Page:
The Book of Woe: The DSM and the Unmaking of Psychiatry by Gary Greenberg
I saw this in a bookstore and only had to read the cover to know it was a book I’d be interested in. Psychology? Personality descriptors? Behind-the-scenes drama? I’m there! I adore psychology, love reading about it, but am skeptical about medical authorities, so I figured I’d rip through this book in a day or two.
It starts out promisingly enough; Greenberg describes a 19th century mental affliction common to slaves in which they curiously desire to escape their masters. Perhaps he’s taking a cheap shot, Greenberg asks rhetorically, and then replies that perhaps to gay people who remember when homosexuality was a mental disease will think his point is valid after all. This sets the tone of the book: anger and frustration at the entire American psychiatry industry.
The Scientologists are going to love this book, if they can get through the dull prose and meandering structure. They might find the same problem that I did: this book (despite my love of its potentially juicy subject matter) bored me. I’ve been puzzling over why it did so, and came up with a few possible reasons.
First of all, the book feels deeply personal. It reminds me of a celebrity tell-all about people on a TV show I’ve never seen. It’s hard to keep all the people straight, and it’s off-putting to hear what feel like veiled ad-hominem attacks when you don’t know the subject.
I didn’t much care for the structure either. Large chunks of the book consisted of dull “and then they had another meeting, and then they talked about the meeting, and then someone sent an email” which made me want to skim pages. The authors writing style feels like that of an academic, (which is to say, dull, obtuse and unnecessarily complex)and while some sections feel refreshingly readable, the prose inevitably slipped back into academese as if the editor couldn’t fully rein in a lifetime of habit. It’s loose chronological structure left many pages of dull exposition without any case studies or anecdotes to wake the reader up again. After a chapter or two of this, I’d get ready to close it and put it on the shelf, but then there’d be something interesting, like a case study or anecdote of someone who was directly affected by the change in diagnosis. I’d perk up, excited at the concrete livening up the abstract, but then the author would go back to the he-said, she-said.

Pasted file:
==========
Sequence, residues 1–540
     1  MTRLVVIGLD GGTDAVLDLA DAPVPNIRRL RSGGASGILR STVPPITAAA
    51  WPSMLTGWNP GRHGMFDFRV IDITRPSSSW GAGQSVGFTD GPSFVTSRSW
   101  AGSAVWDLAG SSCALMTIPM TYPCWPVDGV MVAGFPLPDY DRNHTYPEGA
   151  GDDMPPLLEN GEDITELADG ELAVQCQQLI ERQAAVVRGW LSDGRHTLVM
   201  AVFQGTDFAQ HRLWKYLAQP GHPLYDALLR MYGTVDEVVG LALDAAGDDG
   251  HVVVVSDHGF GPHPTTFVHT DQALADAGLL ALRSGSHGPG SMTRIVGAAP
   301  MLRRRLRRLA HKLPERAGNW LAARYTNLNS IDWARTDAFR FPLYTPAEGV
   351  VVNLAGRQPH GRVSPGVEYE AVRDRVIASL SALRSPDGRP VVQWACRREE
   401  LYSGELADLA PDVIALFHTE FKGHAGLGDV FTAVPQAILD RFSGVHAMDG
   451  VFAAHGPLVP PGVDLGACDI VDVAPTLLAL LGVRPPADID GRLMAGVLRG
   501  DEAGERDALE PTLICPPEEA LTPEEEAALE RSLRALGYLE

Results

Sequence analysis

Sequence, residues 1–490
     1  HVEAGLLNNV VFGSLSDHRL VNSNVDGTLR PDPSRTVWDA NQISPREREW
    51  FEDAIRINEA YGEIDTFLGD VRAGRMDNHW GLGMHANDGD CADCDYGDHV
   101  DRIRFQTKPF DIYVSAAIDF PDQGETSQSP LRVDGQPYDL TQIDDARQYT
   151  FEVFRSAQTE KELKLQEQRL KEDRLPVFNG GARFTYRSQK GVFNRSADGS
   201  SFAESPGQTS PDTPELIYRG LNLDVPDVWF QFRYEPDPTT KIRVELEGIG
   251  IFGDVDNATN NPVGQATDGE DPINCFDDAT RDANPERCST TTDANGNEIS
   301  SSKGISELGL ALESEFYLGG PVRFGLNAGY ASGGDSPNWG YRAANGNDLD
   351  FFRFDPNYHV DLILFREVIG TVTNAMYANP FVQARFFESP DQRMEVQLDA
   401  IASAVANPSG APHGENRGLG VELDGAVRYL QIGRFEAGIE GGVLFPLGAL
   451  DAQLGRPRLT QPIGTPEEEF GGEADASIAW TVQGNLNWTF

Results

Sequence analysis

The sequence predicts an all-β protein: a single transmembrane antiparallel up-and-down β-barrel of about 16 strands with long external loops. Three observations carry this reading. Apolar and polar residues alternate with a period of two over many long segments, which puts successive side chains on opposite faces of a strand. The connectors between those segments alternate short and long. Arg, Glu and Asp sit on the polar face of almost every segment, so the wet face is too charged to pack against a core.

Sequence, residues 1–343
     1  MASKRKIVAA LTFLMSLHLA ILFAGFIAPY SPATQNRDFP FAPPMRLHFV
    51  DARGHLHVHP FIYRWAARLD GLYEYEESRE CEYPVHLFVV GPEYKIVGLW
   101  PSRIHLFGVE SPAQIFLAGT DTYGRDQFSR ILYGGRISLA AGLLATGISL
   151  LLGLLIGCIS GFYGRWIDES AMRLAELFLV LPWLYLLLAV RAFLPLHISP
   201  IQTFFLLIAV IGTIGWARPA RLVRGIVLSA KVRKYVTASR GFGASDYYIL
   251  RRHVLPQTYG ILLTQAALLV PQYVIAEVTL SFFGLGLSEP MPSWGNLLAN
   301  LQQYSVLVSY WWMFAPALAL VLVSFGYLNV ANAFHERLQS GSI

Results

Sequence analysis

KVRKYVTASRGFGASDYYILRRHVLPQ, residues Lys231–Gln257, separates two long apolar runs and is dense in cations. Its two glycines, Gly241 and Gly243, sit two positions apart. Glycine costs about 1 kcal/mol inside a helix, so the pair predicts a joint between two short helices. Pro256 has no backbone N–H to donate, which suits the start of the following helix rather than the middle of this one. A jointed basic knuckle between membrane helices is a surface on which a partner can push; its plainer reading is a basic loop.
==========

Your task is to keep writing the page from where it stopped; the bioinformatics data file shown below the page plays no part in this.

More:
I don’t think there was enough good material here for a book. I should clarify: too much of the wrong kind of material (descriptions of meetings between people you don’t know) and not enough of the right kind of material (concrete examples to solidify his points). Here’s my synopsis: “They started writing a book called the DSM a long time ago to make psychiatray feel more like medicine to describe mental illnesses. Then it sold really well, so they revised it a few more times. But then the guy who helped write the fourth version wasn’t consulted about the fifth version, and he got really mad, and they all started bickering about it.” It makes them all sound so petty and shallow. I’m not so high and mighty that I don’t like gossip, but if you’re going to slander your colleagues and debase the public view of your profession, you should at least titillate us in the process.
I’m not sure how I feel about the thrust of this book. On one hand, I think some people give diagnoses too much credit, like the people who blame all of their asshole-tendencies on their self-diagnosed Aspbergers. Also, not enough people are aware of how the drug companies influence the creation of diseases to fit whatever cure they’re shilling. So that’s valuable. On the other hand, he makes the APA sound like a bunch of ninnies, and I am pretty sure that most of these people are intelligent, educated, and caring professionals doing the best they can.
Everyone is touched, at least at some level, by psychiatry in this culture. People watch talk show docs diagnose callers, people read pop-science books about personality disorders, and everyone has either gone to a therapist or known someone who has. So this is relevant to a lot of people, even if they aren’t involved with psychiatry as a profession. The subject matter could have made this a winner of a bestseller, which is why I tried to finish it despite the many sections which bored me.
I hesitantly recommend this to people who are deeply interested in psychiatry and aren’t put off by weak writing.